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I just discovered that Chrome doesn't cache images which are placed inside SVGs if their cache-control header is set to no-cache. Firefox & IE10 seem to ignore this setting.

I've created a little test page with a static SVG:

HTML:

<div style="width: 500px; text-align: center;">
    <input id="move-left-btn" type="button" value="&lt;&lt;">
    <input id="move-right-btn" type="button" value="&gt;&gt;">
</div>

<div class="svgwrapper" style="width: 500px; height: 250px; background-color: lightgrey;">
    <svg id="svg" version="1.1" xmlns="http://www.w3.org/2000/svg" width="500" height="250">
        <g id="svggroup" class="transition-on" transform="matrix(0.2,0,0,0.2,80,35)">
            <image width="1672" height="887" opacity="1" xlink:href="https://dl.dropboxusercontent.com/sh/q7htlj5h8qqfhjf/SVDuynM7R3/car.png"></image>
        </g>
    </svg>
</div>

Javascript:

$(document).ready(function() {
    var curXPos = 80;

    // Local test function which represent some server calls in my "real life" scenario
    // Just updates the x-position in the transform matrix in this test case
    function updateSvgText(svgText, posXDelta) {
        curXPos += posXDelta;
        if (curXPos < 0) {
            curXPos = 160;
        } else if (curXPos > 160) {
            curXPos = 0;
        }

        return svgText.replace(/matrix\(.*\)/, 'matrix(0.2,0,0,0.2,' + curXPos + ',35)');
    }

    // Fetch the new SVG (in real life from server) and rerender it
    function moveSvg(posXDelta) {
        var svg = $('#svg'),
            svgText = updateSvgText($('.svgwrapper').html(), posXDelta);

        svg.empty();
        svg.append($(svgText).children());
    }

    $('#move-left-btn').click($.proxy(moveSvg, this, -20));
    $('#move-right-btn').click($.proxy(moveSvg, this, 20));
});
  • Working example with cache-control header of source image set to no-cache (flickers in chrome after every press on the "move" buttons):
    http://jsfiddle.net/zF6NF/4/

  • Same example with different source image with cache-control header set to max-age=315360000,public (no flickering):
    http://jsfiddle.net/zF6NF/5/

In Chrome you can see the reloading of the images on each button click in the first example ("flickering" of the image & visible in the network tab of the dev tools) whereas Firefox rerenders the SVG in both examples smoothly without any reloading.

Some additional information:

  1. This is just an example. In my "real-life-scenario" I receive a new SVG from the server (instead of the updateSvgText method call) which means that I can't just perform partial updates of the SVG by changing the value of the transform matrix attribute but have to rerender the whole SVG every time (at least by now...).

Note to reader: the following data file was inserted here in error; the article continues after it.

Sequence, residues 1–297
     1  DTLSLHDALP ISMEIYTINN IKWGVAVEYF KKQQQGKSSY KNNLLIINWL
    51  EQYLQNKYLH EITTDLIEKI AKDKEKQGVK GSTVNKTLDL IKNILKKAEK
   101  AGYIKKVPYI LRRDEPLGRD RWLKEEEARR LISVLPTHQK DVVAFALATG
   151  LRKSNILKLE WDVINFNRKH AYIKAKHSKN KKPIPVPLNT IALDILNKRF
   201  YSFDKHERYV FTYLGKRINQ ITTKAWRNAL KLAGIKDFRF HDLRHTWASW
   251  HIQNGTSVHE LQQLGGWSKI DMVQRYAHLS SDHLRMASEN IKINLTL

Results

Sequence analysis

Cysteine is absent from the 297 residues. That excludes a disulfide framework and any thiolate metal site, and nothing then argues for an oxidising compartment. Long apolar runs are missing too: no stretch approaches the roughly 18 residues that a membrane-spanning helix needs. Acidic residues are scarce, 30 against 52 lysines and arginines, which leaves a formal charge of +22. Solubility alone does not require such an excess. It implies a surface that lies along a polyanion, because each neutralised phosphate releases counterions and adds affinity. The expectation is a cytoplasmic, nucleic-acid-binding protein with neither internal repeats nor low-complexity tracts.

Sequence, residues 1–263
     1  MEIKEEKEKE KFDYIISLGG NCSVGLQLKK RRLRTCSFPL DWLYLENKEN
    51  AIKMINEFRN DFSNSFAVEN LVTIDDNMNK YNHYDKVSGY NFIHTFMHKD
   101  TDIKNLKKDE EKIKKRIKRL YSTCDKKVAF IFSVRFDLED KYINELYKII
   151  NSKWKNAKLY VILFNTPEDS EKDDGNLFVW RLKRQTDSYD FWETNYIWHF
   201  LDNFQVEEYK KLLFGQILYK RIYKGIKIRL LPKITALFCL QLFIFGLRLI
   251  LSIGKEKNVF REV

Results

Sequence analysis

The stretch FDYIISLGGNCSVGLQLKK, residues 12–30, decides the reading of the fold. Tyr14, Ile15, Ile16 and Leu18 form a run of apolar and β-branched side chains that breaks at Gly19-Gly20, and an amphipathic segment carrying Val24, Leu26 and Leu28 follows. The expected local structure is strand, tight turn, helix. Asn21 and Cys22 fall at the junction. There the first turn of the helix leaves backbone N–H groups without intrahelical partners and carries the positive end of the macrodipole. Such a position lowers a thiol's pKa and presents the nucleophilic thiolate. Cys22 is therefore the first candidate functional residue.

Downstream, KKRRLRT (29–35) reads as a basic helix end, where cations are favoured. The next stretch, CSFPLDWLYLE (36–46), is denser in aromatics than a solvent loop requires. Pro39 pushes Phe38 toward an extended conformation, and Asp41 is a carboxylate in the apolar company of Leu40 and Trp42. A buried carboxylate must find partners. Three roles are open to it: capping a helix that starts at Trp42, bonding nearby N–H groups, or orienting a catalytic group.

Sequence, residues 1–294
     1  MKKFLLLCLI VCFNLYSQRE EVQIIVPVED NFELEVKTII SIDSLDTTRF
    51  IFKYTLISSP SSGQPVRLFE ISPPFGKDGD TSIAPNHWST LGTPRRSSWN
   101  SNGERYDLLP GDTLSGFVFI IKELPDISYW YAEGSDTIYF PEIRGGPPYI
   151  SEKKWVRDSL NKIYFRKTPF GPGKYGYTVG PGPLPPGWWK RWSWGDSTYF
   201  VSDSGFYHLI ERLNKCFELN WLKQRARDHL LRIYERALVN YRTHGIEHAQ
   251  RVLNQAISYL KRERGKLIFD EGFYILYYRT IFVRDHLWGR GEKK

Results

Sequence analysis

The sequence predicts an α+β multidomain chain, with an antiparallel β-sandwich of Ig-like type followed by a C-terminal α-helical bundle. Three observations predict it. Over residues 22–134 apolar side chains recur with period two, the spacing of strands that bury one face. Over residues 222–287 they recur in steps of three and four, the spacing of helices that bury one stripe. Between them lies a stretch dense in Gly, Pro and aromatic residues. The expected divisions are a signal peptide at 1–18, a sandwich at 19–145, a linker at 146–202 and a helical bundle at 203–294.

2. I can't control where the images come from which means 2 things:

    • I can't change the cache-control header
    • I can't create Base64 encoded data-uris, save them locally and just replace the images inside the SVG with those data-uris before rendering (can't create Base64 encoded data-uri because of "Same resource origin" policies...)

Is there any way to either...

  • Overwrite/overrule the cache-control header locally even if the image is from an uncontrolled remote location?
  • Create the Base64 encoded data-uri from an Image that is loaded from a different domain I don't have any control over client sided?
  • Somehow tell Chrome to always cache images inside my SVGs?

Needless to say that other solutions are also very welcome!

Thanks

share|improve this question
up vote 1 down vote accepted

Unfortunately, when it comes to caching, it's 99% the server's job.

In-dept guide : here

Browsers will always look for more recent versions of the file based on certain conditions:

  • The cached entry has no expiration date and the content is being accessed for the first time in a browser session
  • The cached entry has an expiration date but it has expired
  • Cache-Control/Pragma tells the browser not to cache
  • Etag in header is a pain.

In terms of solutions you have:

  • Be very insistent to your server guys that you need caching (remove etag, Cache-Control: public,max-age=31536000, Pragma: public)
  • Create a proxy on your domain that requires the image from the site, (optionally convert to base64) then send to your client (with the proper headers). Here's an example for PHP : here
share|improve this answer

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